Following escalating cases of fraud in the banking sector, the Federal Government has ordered a staff assets verification and declaration exercise for every bank worker in the country.
However, this appears to be causing some disquiet among the workers as some of the questions raised in the forms are almost impossible to answer.
It was learnt that the forms issued to the bank workers to fill were markedly different from the standard Assets Declaration Form issued by the Code of Conduct Bureau.
It was further gathered that the workers were asked to state names of their siblings, parents as well as all persons that they have business relationship with including their bank details as well as how much they have in their accounts.
Our sources in a new generation bank explained that the staff were given up to last week Friday to submit the forms but most of the workers refused to fill details aside from their personal information.
When contacted, spokesperson of the Central Bank of Nigeria (CBN) Isaac Okorafor said the directive for banks toverify assets of their staff did not come from the apex bank.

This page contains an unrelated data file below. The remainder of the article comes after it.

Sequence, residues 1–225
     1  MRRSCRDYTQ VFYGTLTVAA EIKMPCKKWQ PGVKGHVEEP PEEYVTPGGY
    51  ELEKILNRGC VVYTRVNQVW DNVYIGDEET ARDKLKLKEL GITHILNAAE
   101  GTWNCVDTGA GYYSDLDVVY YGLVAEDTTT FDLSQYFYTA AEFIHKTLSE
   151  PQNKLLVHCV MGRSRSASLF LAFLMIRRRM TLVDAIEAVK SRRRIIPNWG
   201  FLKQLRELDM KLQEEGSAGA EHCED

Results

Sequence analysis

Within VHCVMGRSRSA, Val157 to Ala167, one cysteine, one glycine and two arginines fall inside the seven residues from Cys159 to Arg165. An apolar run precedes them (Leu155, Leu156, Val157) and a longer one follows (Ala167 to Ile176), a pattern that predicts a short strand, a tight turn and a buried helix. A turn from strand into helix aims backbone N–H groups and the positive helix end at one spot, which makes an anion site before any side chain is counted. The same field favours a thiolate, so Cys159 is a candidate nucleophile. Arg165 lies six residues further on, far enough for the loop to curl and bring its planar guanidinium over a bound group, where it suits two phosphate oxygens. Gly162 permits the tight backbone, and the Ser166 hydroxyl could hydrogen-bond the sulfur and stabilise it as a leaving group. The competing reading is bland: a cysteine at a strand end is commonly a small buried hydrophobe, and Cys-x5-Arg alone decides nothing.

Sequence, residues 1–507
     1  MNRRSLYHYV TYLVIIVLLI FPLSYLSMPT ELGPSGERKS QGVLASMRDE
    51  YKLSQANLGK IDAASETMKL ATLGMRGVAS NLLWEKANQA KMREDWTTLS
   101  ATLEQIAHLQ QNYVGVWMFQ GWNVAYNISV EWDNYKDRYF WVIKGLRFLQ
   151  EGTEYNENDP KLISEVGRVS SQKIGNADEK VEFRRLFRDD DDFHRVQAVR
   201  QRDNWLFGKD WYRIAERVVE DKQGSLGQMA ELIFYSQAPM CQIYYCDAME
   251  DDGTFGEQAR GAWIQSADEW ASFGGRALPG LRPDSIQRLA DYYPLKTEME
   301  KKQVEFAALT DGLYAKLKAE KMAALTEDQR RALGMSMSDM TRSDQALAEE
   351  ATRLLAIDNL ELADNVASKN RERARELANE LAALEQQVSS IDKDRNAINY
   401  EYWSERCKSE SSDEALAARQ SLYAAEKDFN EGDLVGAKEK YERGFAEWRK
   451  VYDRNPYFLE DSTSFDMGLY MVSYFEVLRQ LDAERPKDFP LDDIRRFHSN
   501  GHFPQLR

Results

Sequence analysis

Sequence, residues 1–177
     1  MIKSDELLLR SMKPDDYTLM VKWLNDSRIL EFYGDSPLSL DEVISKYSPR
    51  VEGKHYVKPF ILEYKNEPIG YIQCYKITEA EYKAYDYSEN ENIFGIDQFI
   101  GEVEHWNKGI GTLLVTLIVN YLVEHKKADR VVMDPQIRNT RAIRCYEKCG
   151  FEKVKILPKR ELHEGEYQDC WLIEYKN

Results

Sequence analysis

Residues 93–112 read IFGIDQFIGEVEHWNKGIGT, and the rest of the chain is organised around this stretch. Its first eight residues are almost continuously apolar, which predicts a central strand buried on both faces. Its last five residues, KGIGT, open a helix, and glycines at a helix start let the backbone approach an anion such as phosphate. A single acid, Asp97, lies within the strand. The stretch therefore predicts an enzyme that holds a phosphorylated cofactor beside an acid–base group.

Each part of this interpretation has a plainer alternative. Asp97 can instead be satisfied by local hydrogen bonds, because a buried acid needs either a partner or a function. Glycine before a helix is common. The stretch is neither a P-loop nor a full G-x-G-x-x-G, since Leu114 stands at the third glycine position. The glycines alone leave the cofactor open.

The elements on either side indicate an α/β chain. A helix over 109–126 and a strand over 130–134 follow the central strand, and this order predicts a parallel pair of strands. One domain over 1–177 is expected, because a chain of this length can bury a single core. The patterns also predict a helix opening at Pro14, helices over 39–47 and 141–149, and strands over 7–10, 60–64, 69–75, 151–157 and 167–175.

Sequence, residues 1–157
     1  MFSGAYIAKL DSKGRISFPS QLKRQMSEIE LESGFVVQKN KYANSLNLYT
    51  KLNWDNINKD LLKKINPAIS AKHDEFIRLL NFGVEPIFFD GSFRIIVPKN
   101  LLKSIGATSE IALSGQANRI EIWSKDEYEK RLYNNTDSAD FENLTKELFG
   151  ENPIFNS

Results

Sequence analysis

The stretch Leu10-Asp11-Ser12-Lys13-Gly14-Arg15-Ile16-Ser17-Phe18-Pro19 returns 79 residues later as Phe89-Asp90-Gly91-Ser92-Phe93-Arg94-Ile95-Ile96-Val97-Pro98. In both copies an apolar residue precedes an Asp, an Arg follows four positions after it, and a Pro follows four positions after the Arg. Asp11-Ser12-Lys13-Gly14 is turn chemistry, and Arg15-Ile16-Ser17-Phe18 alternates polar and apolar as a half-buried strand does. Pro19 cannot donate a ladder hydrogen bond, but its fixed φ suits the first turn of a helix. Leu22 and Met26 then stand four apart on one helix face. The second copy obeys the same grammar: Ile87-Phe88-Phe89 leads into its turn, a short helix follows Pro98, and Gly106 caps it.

He said “if there is any such thing happening in banks, such banks will be in a better situation to explain why they are doing it.
“if it was a CBN directive, I would be able to explain it to you”, Okorafor said.
But when our correspondent spoke with a senior manager with a first generation bank, he insisted that the directive that bank workers should declare their assets was from the apex bank.
The source, which did not want his name in print said that the move came in view of increasing incidence of fraud among bankers.
“If you declare your assets this year and it is stated that you have two cars, you cannot then acquire 10 cars within the next two years and claim that you got them through a fantastic salary that you are earning”, the source stated.
According to the 2015 annual report of Nigeria Deposit Insurance Corporation (NDIC), 12,279 cases involving the sum of N18.02 billion were reported in the banking sector during the year.
The report also indicated that eventually, only N3.17 billion was actually lost.